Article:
IN CHURCHILL'S SHADOW: Confronting the Past in Modern Britain

David Cannadine, Author . Oxford Univ. $30 (1216p) ISBN 978-0-19-521926-5

Noted British historian Cannadine (Class in Britain, etc.) gathers a dozen essays on modern British history, covering the era from 1875 (the zenith of British power) to the present (when that power is far diminished). Several of these essays, such as "Statecraft: The Haunting Fear of National Decline," deal with Britain's reaction to her own global decline. In "Statecraft," Cannadine describes how three of Britain's leading modern politicians, Joseph Chamberlain, Winston Churchill and Margaret Thatcher (all "heroic egotists, possessed of a powerful, obsessive, unreflective sense of messianic self-identity") struggled unsuccessfully against diminishing national power. Each had a glorious view of Britain's past and tried to reconcile that past with a less glorious present. Cannadine is especially fascinated by Churchill, devoting one essay to the great man's use of rhetoric. As Cannadine points out, Churchill's speeches were always magnificent, but often ignored (except during WWII, when "[t]he drama of the time had suddenly become fully equal to the drama of his tone"). There is also a fine essay on the Chamberlain family, Joseph and his sons, Austen and Neville, and how they dominated politics in Birmingham for nearly 80 years. The final part of this collection deals with cultural icons, from Gilbert and Sullivan and Noël Coward to Ian Fleming, and describes their reactions to national decline. Each, as Cannadine delineates, was patriotic, harking back to the glorious age of British power. Cannadine's collection gathers together a group of sometimes provocative, always accessible and thoroughly researched essays that are sure to enlighten those devoted to British history. (Jan.)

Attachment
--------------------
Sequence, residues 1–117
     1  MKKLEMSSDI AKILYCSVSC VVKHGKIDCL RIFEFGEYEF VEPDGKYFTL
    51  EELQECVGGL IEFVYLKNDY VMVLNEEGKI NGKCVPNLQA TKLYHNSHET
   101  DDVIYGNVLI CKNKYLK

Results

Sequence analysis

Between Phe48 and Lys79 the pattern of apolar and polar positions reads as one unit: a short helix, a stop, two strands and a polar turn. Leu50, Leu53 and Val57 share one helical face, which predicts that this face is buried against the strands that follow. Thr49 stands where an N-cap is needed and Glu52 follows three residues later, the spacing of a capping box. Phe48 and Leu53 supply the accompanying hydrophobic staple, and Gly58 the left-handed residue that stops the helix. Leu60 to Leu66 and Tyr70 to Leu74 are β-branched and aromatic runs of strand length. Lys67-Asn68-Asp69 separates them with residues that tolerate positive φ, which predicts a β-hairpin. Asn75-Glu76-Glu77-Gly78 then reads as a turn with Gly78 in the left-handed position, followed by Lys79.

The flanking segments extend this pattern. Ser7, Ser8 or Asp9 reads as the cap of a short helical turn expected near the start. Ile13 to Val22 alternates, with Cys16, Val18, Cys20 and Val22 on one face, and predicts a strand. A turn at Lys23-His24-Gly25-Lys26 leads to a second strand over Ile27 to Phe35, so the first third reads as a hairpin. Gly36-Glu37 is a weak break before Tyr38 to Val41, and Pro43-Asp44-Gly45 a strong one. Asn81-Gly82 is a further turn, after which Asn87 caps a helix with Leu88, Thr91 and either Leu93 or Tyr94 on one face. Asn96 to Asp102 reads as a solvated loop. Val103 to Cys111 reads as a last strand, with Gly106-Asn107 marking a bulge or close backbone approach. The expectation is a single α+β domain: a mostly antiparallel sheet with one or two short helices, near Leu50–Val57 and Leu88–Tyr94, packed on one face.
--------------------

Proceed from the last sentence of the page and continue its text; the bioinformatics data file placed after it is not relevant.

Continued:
Reviewed on: 11/25/2002
Release date: 01/01/2003
Genre: Nonfiction
Paperback - 385 pages - 978-0-19-517156-3
Hardcover - 416 pages - 978-0-7139-9507-7
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